When several bishops, among them Bernhard of Paderborn, liege of the Plesse lords, started a crusade in Livonia in 1211, Helmold of Plesse led a contingent of Livonian Brothers of the Sword and fought in what is today Latvia and Lithuania to christianise the pagan tribes there. He also witnessed chartes involving the Hansa League in Gotland and their trade in Reval (today Tallinn).

Helmold II of Plesse died in 1236, likely in the Battle of Saule (against the Samogitians, Curonians and other Baltic tribes) which was the first large scale defeat of a German order in the east. So many of the Brothers of the Sword died in the swamps that day, their grand master Volkwin of Naumburg included, that the order was disbandend and merged with the Teutonic Knights. Helmold died childless.

Outer gate seen from the inside

Helmold III (5) was the son of Poppo of Plesse (1209-1255 ?), a brother of Helmold II. He established the family burial in the chapel of the monastery in Höckelheim, the ancient seat of the family. We don't know where the members of the family have been buried before, likely either the chapel in castle Plesse, or the village church in Höckelheim.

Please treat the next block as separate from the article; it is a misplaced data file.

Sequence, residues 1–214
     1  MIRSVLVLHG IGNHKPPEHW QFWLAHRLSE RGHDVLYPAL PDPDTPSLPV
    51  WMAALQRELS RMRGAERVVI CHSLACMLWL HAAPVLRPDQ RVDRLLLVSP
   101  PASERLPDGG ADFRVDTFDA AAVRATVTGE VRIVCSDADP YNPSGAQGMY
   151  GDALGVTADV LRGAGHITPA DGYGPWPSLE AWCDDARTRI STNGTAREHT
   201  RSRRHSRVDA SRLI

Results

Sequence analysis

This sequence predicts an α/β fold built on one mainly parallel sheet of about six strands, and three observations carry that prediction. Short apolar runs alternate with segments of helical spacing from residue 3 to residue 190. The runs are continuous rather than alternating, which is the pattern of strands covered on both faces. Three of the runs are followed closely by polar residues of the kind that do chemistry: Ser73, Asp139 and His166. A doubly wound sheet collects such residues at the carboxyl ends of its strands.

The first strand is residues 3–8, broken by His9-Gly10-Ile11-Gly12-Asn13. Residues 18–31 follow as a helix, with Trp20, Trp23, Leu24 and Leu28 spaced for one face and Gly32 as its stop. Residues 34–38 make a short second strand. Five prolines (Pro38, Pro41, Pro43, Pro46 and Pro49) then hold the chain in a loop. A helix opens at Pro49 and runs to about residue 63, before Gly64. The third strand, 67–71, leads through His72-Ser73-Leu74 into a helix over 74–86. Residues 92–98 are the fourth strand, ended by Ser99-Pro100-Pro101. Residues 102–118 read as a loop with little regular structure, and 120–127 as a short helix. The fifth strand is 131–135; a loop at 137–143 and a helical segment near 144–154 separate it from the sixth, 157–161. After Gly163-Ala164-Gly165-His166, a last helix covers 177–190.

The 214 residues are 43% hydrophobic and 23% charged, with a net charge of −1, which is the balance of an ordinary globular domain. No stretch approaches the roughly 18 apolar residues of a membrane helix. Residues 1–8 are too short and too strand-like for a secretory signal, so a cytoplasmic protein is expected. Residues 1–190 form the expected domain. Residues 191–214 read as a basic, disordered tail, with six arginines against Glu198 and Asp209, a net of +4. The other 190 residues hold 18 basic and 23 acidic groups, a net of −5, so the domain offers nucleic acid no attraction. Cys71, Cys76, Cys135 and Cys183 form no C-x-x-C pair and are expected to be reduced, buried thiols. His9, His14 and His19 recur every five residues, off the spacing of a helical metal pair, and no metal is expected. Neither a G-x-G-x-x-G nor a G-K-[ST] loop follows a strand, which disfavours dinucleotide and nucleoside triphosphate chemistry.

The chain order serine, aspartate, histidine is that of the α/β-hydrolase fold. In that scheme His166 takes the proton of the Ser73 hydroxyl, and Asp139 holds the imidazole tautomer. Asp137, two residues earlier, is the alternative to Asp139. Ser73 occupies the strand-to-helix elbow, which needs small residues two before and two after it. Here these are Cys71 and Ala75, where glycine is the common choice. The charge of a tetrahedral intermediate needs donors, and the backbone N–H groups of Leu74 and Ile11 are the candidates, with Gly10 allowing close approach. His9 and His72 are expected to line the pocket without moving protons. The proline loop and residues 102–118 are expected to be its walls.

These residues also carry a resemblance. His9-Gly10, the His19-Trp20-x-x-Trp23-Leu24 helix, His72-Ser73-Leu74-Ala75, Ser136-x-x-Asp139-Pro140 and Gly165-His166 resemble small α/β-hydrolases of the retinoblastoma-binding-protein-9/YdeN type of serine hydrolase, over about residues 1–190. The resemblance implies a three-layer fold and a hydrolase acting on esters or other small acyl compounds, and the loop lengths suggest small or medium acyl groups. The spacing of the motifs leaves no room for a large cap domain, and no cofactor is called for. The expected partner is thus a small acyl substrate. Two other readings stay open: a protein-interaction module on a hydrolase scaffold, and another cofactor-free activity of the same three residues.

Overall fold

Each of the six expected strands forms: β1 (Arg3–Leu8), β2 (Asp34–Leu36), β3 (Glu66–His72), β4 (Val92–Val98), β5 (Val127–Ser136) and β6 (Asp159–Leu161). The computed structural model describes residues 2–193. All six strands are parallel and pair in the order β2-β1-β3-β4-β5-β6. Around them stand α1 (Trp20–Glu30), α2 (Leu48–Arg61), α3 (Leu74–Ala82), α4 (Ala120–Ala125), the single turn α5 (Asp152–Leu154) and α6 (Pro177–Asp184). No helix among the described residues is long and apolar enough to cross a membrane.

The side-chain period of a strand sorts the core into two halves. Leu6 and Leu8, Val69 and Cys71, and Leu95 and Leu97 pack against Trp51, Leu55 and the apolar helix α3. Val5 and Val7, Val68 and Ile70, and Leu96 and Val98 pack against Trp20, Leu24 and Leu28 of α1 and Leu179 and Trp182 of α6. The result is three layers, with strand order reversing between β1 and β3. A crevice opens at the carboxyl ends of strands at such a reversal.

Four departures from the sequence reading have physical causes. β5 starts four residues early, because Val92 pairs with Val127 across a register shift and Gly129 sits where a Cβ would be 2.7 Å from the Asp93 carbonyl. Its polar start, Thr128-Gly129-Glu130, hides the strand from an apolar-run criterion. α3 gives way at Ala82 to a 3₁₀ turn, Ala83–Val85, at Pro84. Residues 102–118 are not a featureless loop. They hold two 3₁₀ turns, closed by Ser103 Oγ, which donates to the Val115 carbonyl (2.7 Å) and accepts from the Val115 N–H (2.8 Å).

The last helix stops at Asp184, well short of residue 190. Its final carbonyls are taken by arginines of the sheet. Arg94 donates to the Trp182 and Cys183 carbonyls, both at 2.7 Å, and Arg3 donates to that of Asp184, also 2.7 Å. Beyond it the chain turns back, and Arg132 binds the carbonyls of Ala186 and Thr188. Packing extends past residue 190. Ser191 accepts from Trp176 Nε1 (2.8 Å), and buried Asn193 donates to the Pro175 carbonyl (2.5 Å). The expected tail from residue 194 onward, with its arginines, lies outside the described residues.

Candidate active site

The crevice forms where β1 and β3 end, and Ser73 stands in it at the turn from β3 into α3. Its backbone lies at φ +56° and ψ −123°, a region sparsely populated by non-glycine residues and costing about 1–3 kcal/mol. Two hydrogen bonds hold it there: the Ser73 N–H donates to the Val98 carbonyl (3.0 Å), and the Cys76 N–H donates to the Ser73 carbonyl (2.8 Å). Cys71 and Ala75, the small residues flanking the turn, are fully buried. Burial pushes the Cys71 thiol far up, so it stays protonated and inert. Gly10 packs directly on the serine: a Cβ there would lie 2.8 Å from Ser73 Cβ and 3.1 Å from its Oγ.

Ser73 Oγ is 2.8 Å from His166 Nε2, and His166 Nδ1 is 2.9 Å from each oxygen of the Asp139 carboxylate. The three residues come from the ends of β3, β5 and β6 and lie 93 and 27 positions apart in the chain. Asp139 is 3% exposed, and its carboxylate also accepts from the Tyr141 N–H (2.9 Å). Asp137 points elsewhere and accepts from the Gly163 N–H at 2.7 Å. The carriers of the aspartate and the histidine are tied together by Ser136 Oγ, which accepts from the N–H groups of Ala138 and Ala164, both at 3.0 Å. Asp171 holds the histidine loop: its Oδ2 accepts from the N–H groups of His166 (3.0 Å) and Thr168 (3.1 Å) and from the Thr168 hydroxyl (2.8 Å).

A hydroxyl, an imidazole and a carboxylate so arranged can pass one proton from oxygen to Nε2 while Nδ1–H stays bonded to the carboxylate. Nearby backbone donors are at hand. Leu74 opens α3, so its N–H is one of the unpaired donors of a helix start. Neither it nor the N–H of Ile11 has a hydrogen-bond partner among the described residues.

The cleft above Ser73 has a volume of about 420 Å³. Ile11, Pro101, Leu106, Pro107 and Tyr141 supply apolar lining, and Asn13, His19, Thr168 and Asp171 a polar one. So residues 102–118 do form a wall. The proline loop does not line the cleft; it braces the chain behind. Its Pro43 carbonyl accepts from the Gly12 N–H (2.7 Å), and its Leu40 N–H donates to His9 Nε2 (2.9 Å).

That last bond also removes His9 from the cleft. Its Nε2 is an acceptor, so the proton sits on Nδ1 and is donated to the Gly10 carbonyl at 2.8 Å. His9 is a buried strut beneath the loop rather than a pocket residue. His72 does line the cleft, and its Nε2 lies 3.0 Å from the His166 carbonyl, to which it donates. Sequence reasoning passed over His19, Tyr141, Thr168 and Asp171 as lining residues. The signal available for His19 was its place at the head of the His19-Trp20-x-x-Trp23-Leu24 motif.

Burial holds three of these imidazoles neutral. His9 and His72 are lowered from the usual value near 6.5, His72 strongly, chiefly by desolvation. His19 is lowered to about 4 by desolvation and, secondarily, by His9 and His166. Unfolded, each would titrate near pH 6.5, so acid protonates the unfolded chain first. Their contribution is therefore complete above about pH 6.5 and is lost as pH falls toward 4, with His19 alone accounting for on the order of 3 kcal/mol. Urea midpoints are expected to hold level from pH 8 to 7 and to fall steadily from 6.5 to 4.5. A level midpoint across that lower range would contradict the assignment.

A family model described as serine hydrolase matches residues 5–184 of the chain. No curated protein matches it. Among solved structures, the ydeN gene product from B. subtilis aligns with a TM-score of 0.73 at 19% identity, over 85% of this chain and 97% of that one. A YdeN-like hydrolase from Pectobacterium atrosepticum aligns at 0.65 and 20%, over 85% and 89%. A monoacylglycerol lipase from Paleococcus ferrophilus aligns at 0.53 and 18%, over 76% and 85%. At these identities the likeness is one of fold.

Helmold had quarrels with the monasteries in Osterode and Walkenried about rights to a forest and tithes from some villages. The juridical quarrel with Walkenried about the forest dragged on for almost 20 years and left behind a bunch of documents, but the Plesse family lost it in the end.

Helmold III also signed a Contract of Support with the dukes of Braunschweig, Albrecht I and Johann I (sons of Otto the Child) in April 1258. He got 30 marks silver in order to support the dukes - who were not his lieges and thus had to grant him some other advantage. The most interesting clause is Helmold's promise, or willingness, to support the dukes even against his relatives. Since the descendants of Bernhard and Gottschalk so far had ruled their possessions in union, those precautionary agreements may point at some political disagreement within the family (esp. with Gottschalk II from the younger line). In the long run, the pro-Welfen course continued and the lords of Plesse remained in the entourage of the dukes; later in particular the Calenberg line.

Remains of one of the buildings in the outer bailey

The son of Gottschalk and a (unnamed) wife of the Dassel family, Gottschalk II, married Benedicta of Everstein, adding another knot in the net of local family relationships I'm presenting on my blog. She was a granddaughter of Albert (Albrecht) II of Everstein who had married Richenza, cousin of the Emperor Friedrich Barbarossa; her mother was Agnes of Wittelsbach. Gottfried of Plesse thus married into the high ranking nobility.

Their son, another Gottschalk (1238-1300) bought the parts of the heritage of the older line, the descendants of Bernhard, in 1284, thus his line would become the sole heirs of castle Plesse and the surrounding lands from that time on.